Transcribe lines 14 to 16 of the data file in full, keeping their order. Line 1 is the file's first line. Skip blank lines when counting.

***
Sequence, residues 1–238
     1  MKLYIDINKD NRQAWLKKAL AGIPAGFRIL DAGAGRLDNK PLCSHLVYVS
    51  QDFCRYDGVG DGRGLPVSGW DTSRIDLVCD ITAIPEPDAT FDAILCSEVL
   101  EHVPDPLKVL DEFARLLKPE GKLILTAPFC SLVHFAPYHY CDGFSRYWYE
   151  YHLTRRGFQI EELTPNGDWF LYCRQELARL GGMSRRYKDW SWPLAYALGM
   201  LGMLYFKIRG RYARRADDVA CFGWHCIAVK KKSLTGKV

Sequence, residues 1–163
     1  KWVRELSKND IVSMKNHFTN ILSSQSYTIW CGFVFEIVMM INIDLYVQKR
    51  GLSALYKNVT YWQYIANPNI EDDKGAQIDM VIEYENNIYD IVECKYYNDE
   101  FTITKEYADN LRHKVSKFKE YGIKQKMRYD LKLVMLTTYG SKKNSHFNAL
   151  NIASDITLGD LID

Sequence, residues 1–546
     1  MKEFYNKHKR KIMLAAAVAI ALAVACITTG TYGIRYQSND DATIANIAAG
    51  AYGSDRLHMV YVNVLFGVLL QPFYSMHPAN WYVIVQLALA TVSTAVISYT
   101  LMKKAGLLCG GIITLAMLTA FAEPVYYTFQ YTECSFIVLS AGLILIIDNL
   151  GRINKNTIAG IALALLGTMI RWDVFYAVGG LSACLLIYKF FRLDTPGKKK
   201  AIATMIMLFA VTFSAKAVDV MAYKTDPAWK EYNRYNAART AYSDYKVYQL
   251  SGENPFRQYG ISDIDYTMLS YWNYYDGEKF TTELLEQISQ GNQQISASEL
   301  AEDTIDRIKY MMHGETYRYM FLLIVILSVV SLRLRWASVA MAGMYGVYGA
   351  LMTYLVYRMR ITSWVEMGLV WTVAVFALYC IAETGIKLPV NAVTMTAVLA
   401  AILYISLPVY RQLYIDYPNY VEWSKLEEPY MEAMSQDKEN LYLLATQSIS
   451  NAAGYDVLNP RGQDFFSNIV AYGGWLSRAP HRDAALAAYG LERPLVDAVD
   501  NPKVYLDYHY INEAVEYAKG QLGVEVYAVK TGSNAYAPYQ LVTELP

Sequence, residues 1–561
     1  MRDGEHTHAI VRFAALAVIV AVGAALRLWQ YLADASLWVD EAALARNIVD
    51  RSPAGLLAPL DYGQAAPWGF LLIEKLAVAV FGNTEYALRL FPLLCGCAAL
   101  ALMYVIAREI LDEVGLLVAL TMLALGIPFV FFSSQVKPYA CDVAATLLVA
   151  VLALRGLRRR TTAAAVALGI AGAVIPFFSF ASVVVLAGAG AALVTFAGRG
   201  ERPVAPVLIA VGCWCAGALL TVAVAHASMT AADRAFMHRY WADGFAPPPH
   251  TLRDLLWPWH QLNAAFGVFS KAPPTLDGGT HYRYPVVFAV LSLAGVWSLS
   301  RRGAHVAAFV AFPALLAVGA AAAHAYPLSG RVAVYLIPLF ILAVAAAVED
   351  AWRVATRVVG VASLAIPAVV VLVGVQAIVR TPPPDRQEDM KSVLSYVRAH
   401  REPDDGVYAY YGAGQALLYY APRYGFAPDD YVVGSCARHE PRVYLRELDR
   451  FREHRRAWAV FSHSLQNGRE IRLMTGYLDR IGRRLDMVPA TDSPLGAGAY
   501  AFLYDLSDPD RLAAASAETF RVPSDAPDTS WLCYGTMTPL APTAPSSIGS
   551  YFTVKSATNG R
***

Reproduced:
    51  AYGSDRLHMV YVNVLFGVLL QPFYSMHPAN WYVIVQLALA TVSTAVISYT
   101  LMKKAGLLCG GIITLAMLTA FAEPVYYTFQ YTECSFIVLS AGLILIIDNL
   151  GRINKNTIAG IALALLGTMI RWDVFYAVGG LSACLLIYKF FRLDTPGKKK